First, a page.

Academic journal article Journal of Financial Management & Analysis


Academic journal article Journal of Financial Management & Analysis


Article excerpt

The successful and healthy development of an economy consists of taking into account not only one side of business life consisting of abnormal cycles (corresponding to a person who suffers from prolonged illness like tuberculosis) but also the other side of business fluctuations referring to normal lags between demand and supply and between savings and investment (corresponding to a person who suffers from usual strain and sickness due to cold, fever and back-ache). Ineffective management and control of abnormal business cycles and business fluctuations would derail the 'organic development' path and would land the countries in deep recession and structural maladjustment. In this context, the following statement is highly pertinent to recall:

in countries with deficient financial management systems the publicly available evidence is often sketchy, consisting of quite trivial lapses: small breaches of financial regulations, misappropriations, improper use of government assets, missing vouchers, and so on. A closer acquaintance in some cases would reveal additional serious deficiencies such as large-scale diversion of funds, reconciled and irreconciliable accounting figures over long periods of time, inflated pay rolls, extensive failure to collect revenue and debts, budgets which have no contact with reality, and important financial decisions taken with little regard for the consequences.

Dean, P., Appropriate strategies for developing countries in government management: paper prepared for World Bank Staff Seminar on Implementing Economic Reform (April 1988)

These abuses have occurred due to major deficiencies in accounting and Management Information Systems especially in developing countries such as scarcity of qualified accounting and management personnel, inadequate-cum-unreliable and untimely databases, ineffective systems of internal control, and inadequate technology and data processing systems. Again, as very aptly pointed out by the erstwhile Chief Executive Officer of Union Carbide, Warren Anderson:

If you say something before you really know the facts, you are speculating; if it is subsequently wrong, you are a liar; if you don't say anything, you are a stone-waller.

Business Horizons (July-August 1994)

It is not enough merely to show a narrow, private, profit and loss statement for a company; it is necessary to know what the costs are to society, if that company proposes to pollute its water supply, and the air above it: J or if it proposes to pay below normal wages for many years to come. It is not enough to assess a government'o/ performance on the basis of its ability to win votes at every election; financial economists must be willing and able to check its performance against more objective criteria, to keep the long-range targets of the nation before every citizen. It is the responsibility of the financial economist to analyze the objectives of the institutioh and to assess whether it is accomplishing them as economically as possible. If it is failing to do its job, he should be in a position to design new institutions which will perform more efficiently, and should be capable of charting the period of transition between the two, so individuals may adjust their lives to the new situation. Unless he can do these things and show clearly how the society will benefit, he has little right to be taken seriously by those who must bear long-run responsibility major societal decisions.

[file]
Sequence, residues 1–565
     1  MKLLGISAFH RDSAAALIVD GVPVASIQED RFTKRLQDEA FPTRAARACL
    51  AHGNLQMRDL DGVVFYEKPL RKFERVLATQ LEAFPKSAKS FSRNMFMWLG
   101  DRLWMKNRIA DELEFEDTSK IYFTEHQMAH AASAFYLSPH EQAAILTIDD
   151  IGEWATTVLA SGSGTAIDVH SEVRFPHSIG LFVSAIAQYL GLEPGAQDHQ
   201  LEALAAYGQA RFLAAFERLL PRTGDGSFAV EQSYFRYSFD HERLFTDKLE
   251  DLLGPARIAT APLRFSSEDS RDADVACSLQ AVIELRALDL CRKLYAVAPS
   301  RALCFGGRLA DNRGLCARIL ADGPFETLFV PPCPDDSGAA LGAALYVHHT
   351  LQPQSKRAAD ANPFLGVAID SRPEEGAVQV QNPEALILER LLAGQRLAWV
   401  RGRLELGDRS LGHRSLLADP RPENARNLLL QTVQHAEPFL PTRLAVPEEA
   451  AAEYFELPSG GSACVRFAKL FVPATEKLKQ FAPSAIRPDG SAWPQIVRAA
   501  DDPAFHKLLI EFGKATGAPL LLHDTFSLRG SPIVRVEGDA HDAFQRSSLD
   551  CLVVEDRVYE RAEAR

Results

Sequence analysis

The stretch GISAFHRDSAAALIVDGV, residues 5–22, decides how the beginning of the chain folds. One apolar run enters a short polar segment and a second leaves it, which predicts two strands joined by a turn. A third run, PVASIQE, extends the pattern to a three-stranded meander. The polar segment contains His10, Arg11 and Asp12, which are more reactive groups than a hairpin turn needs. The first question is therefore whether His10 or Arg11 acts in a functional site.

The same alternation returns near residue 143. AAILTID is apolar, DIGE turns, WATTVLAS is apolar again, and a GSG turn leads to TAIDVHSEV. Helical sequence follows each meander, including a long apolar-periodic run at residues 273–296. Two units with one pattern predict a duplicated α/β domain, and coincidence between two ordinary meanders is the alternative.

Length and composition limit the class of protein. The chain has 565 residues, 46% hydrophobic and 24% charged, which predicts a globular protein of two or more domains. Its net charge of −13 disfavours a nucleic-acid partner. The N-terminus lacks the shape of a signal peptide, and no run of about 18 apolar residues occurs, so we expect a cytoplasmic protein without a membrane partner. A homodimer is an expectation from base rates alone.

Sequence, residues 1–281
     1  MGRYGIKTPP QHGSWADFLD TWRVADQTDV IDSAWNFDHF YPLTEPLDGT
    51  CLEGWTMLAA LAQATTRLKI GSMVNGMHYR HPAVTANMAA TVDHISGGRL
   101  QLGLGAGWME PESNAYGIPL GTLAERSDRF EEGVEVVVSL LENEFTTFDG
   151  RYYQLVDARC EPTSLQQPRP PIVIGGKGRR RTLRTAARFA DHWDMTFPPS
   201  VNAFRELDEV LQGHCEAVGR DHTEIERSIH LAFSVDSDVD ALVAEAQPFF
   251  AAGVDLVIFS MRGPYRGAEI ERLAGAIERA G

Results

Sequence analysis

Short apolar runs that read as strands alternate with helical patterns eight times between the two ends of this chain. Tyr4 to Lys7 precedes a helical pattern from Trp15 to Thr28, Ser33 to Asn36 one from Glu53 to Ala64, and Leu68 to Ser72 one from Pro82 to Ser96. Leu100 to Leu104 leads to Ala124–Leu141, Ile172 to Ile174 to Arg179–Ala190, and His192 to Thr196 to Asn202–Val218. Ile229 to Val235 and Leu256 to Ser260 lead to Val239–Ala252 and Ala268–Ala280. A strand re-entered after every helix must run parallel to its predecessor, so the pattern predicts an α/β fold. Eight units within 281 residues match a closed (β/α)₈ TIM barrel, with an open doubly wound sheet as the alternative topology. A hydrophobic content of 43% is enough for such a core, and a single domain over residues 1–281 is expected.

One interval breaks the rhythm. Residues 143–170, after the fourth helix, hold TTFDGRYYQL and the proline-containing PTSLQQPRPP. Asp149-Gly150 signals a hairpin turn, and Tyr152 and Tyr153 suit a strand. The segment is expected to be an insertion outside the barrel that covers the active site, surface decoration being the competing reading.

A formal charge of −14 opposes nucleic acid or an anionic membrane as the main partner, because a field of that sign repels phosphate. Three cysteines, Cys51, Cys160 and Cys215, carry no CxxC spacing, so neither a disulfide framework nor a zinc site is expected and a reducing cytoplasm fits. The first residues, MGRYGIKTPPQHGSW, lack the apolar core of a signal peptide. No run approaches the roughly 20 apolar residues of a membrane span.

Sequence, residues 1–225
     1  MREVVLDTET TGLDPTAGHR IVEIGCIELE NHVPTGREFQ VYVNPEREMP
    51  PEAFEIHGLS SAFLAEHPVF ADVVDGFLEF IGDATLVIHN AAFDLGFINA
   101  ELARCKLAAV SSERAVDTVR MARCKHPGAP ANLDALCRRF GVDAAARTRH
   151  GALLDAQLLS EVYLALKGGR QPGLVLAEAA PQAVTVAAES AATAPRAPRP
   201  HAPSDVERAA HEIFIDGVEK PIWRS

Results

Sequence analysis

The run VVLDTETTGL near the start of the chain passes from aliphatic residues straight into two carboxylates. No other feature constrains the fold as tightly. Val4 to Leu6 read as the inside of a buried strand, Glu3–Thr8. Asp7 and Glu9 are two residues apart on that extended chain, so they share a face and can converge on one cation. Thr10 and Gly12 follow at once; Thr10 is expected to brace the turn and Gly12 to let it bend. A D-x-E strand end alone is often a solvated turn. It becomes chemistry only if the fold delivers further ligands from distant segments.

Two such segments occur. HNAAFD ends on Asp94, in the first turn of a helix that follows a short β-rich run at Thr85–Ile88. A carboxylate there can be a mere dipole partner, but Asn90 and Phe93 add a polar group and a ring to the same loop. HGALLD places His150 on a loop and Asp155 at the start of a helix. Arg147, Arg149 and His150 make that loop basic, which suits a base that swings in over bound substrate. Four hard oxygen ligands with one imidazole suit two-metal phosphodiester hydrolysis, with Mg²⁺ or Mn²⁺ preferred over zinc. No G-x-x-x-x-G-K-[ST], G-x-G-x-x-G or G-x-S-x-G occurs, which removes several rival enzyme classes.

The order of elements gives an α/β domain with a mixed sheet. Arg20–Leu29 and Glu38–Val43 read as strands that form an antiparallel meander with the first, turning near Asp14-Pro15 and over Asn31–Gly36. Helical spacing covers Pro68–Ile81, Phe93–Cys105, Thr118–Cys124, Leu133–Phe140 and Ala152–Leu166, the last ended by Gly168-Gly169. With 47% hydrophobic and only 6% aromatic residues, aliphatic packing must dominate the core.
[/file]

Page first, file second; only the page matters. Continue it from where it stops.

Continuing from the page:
Writing on the revolutionary and new approach to financial statement analysis is a difficult assignment as aptly pointed out by renowned applied financial (accounting) statisticians cum-corporate finance, experts, Lusk, et. al. (of the Wharton School: The University of Pennsylvarua, U.S.A.) in their seminal paper relating to 'Idiosyncratic Risk' :

although most often social reaction to moral, dilemma is to increase regulation, monitoring and sanctions, we wish to offer the creative alternative offered by Professor M. …

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